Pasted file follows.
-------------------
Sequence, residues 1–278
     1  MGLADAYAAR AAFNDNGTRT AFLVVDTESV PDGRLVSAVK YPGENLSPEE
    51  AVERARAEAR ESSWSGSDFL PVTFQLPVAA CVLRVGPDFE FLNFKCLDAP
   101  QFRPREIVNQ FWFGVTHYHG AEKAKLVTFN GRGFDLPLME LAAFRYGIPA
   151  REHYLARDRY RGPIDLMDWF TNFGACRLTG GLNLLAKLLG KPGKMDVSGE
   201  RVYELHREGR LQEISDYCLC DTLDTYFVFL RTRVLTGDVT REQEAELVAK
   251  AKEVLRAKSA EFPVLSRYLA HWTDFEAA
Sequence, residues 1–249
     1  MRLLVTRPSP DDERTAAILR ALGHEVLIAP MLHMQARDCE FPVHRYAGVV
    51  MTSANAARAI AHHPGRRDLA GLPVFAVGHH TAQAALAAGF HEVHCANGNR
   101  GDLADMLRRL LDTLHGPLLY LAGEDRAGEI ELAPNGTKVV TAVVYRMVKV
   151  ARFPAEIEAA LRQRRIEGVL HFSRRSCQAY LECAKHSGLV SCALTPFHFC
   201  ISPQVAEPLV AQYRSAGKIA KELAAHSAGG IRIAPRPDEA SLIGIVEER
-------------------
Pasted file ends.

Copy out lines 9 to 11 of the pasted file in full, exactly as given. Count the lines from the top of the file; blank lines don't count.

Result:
     1  MRLLVTRPSP DDERTAAILR ALGHEVLIAP MLHMQARDCE FPVHRYAGVV
    51  MTSANAARAI AHHPGRRDLA GLPVFAVGHH TAQAALAAGF HEVHCANGNR
   101  GDLADMLRRL LDTLHGPLLY LAGEDRAGEI ELAPNGTKVV TAVVYRMVKV